10th April 2019
First ever image of a black hole
Scientists from the Event Horizon Telescope project have announced the first ever image of a black hole, located 54 million light years away in the centre of the M87 galaxy.
The Event Horizon Telescope (EHT) – a global network of eight ground-based radio telescopes – was designed to capture images of a black hole. Today in coordinated press conferences around the world, EHT researchers confirmed that they have succeeded in their goal, unveiling the first direct visual evidence of a supermassive black hole and its shadow.
This major scientific breakthrough appears in a series of six papers published by The Astrophysical Journal Letters. The image reveals the black hole at the centre of Messier 87 (M87), a gigantic galaxy in the Virgo Cluster, which lies 54 million light years from Earth and is visible to the right of our Local Group in the supercluster map below.
The monstrous, swirling object has a mass estimated at 6.5 billion times that of our Sun. The black hole's outer boundary, the event horizon from which the EHT takes its name, measures around 40 billion km across – 900 times larger than the one at the centre of our own Milky Way galaxy, and wide enough to swallow our Solar System beyond the orbit of Pluto.
The EHT links telescopes around the globe to form an unprecedented, Earth-sized, virtual telescope. This offers a new way to study the most extreme objects in the Universe predicted by Einstein's general relativity, during the centenary year of the historic experiment that first confirmed the theory.
"We have taken the first picture of a black hole," said EHT project director, Sheperd Doeleman of the Harvard-Smithsonian Center for Astrophysics. "This is an extraordinary scientific feat accomplished by a team of more than 200 researchers."
Black holes are objects with colossal masses, but extremely compact sizes. They affect the surrounding environment in profound ways, warping spacetime and superheating any nearby material, as depicted in the simulation below.
"If immersed in a bright region, like a disc of glowing gas, we expect a black hole to create a dark region similar to a shadow – something predicted by Einstein's general relativity that we've never seen before," explains Heino Falcke of Radboud University, the Netherlands, Chair of the EHT Science Council. "This shadow, caused by the gravitational bending and capture of light by the event horizon, reveals a lot about the nature of these fascinating objects and has allowed us to measure the enormous mass of M87's black hole."
Multiple calibration and imaging methods revealed a ring-like structure with a dark central region – the black hole's shadow – that persisted over multiple, independent EHT observations.
"Once we were sure we had imaged the shadow, we could compare our observations to extensive computer models that include the physics of warped space, superheated matter and strong magnetic fields. Many of the features of the observed image match our theoretical understanding surprisingly well," said Paul Ho, EHT Board member and Director of the East Asian Observatory. "This makes us confident about the interpretation of our observations, including our estimation of the black hole's mass."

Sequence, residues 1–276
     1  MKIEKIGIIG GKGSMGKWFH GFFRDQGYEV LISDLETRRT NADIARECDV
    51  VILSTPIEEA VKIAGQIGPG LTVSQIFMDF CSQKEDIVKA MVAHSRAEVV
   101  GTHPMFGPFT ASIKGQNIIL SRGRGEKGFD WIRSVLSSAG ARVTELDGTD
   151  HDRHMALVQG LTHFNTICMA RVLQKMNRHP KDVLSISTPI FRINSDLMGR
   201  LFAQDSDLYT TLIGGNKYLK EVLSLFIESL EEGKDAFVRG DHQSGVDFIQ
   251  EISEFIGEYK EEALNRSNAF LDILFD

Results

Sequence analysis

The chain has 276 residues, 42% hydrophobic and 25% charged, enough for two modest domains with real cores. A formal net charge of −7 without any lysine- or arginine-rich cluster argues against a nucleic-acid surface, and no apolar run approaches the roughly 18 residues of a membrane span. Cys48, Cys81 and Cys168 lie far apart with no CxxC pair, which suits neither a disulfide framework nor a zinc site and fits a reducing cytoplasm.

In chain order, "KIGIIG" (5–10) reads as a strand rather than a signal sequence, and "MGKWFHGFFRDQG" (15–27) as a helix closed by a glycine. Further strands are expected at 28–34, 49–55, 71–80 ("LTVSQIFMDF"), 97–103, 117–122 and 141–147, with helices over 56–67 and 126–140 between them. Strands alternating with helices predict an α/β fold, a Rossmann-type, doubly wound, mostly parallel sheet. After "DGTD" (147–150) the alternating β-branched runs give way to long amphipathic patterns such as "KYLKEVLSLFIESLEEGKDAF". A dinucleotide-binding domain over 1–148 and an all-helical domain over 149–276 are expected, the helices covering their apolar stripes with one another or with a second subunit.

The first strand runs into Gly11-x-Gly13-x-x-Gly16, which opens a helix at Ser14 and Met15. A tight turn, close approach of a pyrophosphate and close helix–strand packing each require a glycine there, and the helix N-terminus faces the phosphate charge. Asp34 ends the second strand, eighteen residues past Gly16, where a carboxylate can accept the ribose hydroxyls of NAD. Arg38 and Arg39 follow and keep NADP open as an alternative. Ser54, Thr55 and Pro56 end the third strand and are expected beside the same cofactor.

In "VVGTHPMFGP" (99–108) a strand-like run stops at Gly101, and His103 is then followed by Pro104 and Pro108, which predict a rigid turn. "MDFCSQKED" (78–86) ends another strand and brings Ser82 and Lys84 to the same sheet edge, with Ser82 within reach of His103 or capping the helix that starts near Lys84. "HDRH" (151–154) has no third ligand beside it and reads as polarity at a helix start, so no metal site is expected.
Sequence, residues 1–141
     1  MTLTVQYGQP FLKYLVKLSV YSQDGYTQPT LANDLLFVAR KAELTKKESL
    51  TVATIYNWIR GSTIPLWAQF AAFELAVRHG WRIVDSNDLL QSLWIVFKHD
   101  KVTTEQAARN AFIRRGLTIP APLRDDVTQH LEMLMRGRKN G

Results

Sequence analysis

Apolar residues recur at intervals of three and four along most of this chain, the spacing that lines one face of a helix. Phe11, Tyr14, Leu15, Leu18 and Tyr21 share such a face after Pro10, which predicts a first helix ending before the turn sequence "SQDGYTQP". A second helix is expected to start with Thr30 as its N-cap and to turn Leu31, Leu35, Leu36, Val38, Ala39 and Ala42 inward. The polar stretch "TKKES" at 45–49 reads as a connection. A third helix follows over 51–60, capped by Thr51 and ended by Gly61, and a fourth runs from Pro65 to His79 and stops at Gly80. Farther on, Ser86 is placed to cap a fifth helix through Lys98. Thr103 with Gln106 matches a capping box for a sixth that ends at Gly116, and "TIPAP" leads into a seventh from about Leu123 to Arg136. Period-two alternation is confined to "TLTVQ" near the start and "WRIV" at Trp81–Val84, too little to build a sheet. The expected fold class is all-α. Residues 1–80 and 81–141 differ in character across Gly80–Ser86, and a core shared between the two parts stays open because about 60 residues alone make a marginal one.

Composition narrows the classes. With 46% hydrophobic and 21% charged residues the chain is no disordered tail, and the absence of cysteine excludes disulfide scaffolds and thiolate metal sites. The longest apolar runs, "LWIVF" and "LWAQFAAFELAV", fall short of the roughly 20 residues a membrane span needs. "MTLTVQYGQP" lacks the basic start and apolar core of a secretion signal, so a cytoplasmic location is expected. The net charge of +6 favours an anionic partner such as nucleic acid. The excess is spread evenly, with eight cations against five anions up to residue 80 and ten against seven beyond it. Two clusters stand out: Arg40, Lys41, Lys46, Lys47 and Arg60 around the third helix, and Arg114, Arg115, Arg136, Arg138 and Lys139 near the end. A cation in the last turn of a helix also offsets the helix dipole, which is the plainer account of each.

"The confrontation of theory with observations is always a dramatic moment for a theorist. It was a relief and a source of pride to realise that the observations matched our predictions so well," elaborated EHT Board member, Luciano Rezzolla, of Goethe Universität in Germany.
The EHT observations use a technique called very-long-baseline interferometry (VLBI), which synchronises telescope facilities around the world and exploits the rotation of our planet to form one huge, Earth-size telescope observing at a wavelength of 1.3mm. VLBI allows the EHT to achieve an angular resolution of 20 micro-arcseconds – equivalent to reading a newspaper in New York from a sidewalk café in Paris. The construction of the EHT and the observations announced today are the culmination of decades of theoretical, technical and observational work.
Each telescope produced enormous amounts of data – roughly 350 terabytes per day – stored on high-performance, helium-filled hard drives. This data was flown to highly specialised supercomputers, known as correlators, at the Max Planck Institute for Radio Astronomy and the MIT Haystack Observatory to be combined. They were then painstakingly converted into an image, using novel computational tools developed by the collaboration.
"This is a huge day in astrophysics," said France Córdova, Director of the National Science Foundation (NSF), which provided $28m in funding – the largest commitment of resources for the project. "We're seeing the unseeable. Black holes have sparked imaginations for decades. They have exotic properties and are mysterious to us. Yet with more observations like this one, they are yielding their secrets. This is why NSF exists: we enable scientists and engineers to illuminate the unknown, to reveal the subtle and complex majesty of our universe."
"We have achieved something presumed to be impossible just a generation ago," concludes Doeleman. "Breakthroughs in technology, connections between the world's best radio observatories, and innovative algorithms all came together to open an entirely new window on black holes and the event horizon."